We tumbled out into the free air, breathing at last, feeling the civilian clothes. It was over, we hailed the first taxi that came in sight and went directly to Biira’s aunt.
When it occurs to you that the essence of your life has already flowed out of you, you can spend the remaining time and energy thinking about the nothingness of it all. There follows a regression into the wasteland. Biira chose that route. On any sunny day I can still hear the voice of Aunt Damako asking us one question: “Now that you are ex revolutionaries, what you gonna do with a civilian life?” She did not drive any of us to the edge with a repeated question. She only asked when we seemed to be in a cheery mood, which was a few times. She hoped we would be courageous enough to chain the past and find both our feet in the here and now.
“Perhaps I should be a poet. What do you think?” I tossed it to her one afternoon. “I studied literature, you know, enough Shakespeare to make me write war sonnets.”
“Ah, writing your biography might be more interesting, ‘failed revolutionary turned into a poet,’ that might be a catchy title.”
“Then they will read the title minus the content.”
“Well, nobody reads or listens to poets here. I am only trying to be helpful.”
“Ouch, you make it so awful.”
“Making a living is an awful business.”
“In that case I’ll carry a gun on my shoulder, hold the non-readers hostage and shout out: I will not shoot. Only listen to a couple of my poems and drop the change.”
“You haven’t actually left your first skin then.”
It was a joke but it cut deep. It was useless talking like that. With a sigh I rose up to make a cup of coffee, if only to let the trying moment pass. Biira too left the room, she often did, and then one day it was her last.
Sometimes I wonder what would have happened if we had not woken up. Would it have been better to die in the bush than to go on feeling the weight of this life as a burdensome existence? If Biira had not become weaker, grown older and finally swallowed all her valium at once, where would she be in the present life?
Meanwhile, for many months Arcadia continued to deny our involvement in the Congo. Our Commander-in-Chief, the president of Arcadia Republic would appear on the national television to assure the people that lies would not take the journalists very far.
“Don’t believe those lumpens faking stories that we are in Congo. Arcadia has nothing to do with undemocratic countries. I repeat we are not in Congo.”
As soon as the president’s statements were aired, our black flag would be hoisted and our national anthem sung in the chosen Arcadian mother tongue. Lights would go out, everyone would go to sleep and I would stay awake, close my eyes and see no dreams. We were not in Rwanda either. We were not in Sudan. We were not in Burundi. We were not in Somali land. We were not in Liberia. And we were not in Iraq. Biira and I never imagined such misconceptions at the time we joined the forces. It might have been quicker to notice our hair turning grey than the reality of national denial sinking in our brains.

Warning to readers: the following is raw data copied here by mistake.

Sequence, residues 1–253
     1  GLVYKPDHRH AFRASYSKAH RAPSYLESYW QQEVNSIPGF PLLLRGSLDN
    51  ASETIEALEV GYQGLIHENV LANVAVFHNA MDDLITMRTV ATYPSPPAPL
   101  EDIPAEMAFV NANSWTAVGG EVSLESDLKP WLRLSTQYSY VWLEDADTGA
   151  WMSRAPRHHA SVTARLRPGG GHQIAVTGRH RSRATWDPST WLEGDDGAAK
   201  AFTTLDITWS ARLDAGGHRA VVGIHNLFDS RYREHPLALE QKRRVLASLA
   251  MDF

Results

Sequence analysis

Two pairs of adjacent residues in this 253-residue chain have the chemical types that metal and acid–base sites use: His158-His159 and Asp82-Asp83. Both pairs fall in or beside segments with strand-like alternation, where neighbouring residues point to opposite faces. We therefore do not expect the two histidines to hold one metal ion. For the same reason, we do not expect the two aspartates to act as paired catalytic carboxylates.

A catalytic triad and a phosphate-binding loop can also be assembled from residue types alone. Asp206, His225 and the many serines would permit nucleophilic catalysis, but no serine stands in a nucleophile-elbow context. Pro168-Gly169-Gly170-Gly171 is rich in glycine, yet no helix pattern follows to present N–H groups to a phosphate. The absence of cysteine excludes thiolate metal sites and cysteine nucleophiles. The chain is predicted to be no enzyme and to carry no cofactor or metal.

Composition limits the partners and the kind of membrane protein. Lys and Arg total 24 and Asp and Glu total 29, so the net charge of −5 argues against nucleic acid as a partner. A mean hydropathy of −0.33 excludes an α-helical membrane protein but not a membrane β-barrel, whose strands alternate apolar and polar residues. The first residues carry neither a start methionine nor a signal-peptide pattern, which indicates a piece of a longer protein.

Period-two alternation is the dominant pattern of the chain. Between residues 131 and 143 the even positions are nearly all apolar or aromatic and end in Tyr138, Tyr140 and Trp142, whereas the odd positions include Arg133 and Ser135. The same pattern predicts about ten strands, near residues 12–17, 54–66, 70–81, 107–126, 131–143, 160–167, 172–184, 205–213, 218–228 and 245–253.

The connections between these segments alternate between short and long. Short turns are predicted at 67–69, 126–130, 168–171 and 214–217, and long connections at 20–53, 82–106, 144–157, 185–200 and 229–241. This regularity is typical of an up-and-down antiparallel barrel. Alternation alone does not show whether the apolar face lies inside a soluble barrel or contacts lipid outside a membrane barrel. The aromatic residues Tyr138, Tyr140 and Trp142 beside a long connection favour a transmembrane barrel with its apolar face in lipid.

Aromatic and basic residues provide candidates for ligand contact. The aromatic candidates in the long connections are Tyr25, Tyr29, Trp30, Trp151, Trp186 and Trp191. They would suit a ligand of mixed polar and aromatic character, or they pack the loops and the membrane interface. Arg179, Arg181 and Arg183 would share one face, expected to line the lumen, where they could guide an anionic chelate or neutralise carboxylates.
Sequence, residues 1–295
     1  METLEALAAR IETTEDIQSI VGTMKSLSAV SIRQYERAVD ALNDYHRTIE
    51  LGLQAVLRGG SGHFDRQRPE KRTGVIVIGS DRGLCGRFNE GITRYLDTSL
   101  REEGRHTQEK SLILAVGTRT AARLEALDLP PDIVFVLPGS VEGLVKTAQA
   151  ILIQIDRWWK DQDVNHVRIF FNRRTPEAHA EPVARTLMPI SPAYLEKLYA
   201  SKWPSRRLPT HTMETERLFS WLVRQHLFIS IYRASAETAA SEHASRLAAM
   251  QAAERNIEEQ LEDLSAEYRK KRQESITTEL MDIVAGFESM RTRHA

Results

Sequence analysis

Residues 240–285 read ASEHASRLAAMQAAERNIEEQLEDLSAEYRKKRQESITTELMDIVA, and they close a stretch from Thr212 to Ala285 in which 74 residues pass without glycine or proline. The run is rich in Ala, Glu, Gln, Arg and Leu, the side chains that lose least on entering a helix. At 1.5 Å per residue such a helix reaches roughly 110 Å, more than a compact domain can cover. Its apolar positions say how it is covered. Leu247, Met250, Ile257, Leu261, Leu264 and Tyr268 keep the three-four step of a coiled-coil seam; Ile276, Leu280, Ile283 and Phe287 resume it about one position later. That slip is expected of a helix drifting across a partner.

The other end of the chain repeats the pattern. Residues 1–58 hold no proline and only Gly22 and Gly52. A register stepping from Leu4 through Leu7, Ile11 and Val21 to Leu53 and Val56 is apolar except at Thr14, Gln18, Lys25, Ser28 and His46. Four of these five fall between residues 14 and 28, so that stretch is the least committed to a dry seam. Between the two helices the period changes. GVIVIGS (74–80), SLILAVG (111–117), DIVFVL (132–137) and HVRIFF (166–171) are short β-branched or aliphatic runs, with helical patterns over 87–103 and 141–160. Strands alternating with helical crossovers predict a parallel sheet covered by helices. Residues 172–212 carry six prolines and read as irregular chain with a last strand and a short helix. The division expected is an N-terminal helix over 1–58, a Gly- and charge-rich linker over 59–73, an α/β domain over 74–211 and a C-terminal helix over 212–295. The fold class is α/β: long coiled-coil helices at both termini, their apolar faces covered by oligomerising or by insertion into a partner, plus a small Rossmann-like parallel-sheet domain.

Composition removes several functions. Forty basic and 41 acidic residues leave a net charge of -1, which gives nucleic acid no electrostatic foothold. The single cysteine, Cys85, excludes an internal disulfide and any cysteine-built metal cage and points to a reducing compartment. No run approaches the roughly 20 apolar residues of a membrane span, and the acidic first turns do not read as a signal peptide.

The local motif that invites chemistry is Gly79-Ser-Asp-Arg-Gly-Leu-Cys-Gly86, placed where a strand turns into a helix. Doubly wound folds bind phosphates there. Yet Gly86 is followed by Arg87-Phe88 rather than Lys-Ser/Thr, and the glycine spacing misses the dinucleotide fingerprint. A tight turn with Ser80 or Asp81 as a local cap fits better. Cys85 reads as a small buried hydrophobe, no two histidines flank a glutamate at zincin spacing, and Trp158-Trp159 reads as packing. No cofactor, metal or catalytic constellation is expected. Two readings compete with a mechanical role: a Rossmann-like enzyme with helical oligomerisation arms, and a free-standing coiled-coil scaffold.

Now our president has changed the constitution and is seeking a fourth term, which will count as his second term in office under the new constitution. There is a break away faction beginning to form, flagging him as a dangerous B.C/A.C man—before the constitution and after the constitution. His supporters tell us that we have to understand he needs time to implement a 20-point PIIID program—Poverty, Illiteracy, Insecurity, Ignorance and Disease eradication—that was designed in his first term. I am afraid about what might happen when he needs more time and terms to monitor, review and then consolidate the 20-point program. Many of us are too shocked to comment, to take up arms again and fight to liberate ourselves from our president. We are too ashamed to admit that Arcadia has fallen. The only lesson that we have learnt from history is that we never quite learn from history. Where is Colonel Whiff?
Biira’s aunt says that Colonel Whiff passed away, in his bed, nestled between two prostitutes and smoking dope.
The country is enveloped in a frenzy of political rallies in which our president appears to talk about his vision. I hear the masses chanting: Our man, our man, General of the Armies is here! We’ve been listening to his vision for the past 25 years. I sincerely hope that he does not go blind since it looks like this country’s past, present and future is to survive on that vision.
I do not attend the rallies, of course. I sit under an acacia tree polishing my collection of poems from the bush. I am one of a million graduates floating without a job, my army allowance run out two years ago—three quarters of it was accidentally banked on the army paymasters’ account, and father of all scandals; there is nothing, absolutely nothing in my social savings security fund! Someone utilised that money, which was supposed to have been accumulating over the years in the name of private investment scheme that turned out a hoax. And nothing has been done to the culprits. In fact, there are no culprits, we are told. The SSSF board has told us that we were to be wise and keep our money where it is safe. Arcadia! Nothing here makes sense but we are trying to live through the interval until we come to the right pathway.
I am discovering that being a poet is not bad at all, especially if it’s a poet with the heart of a revolutionary. God bless that heart, it hasn’t died yet. But, oh, how I weep to remember.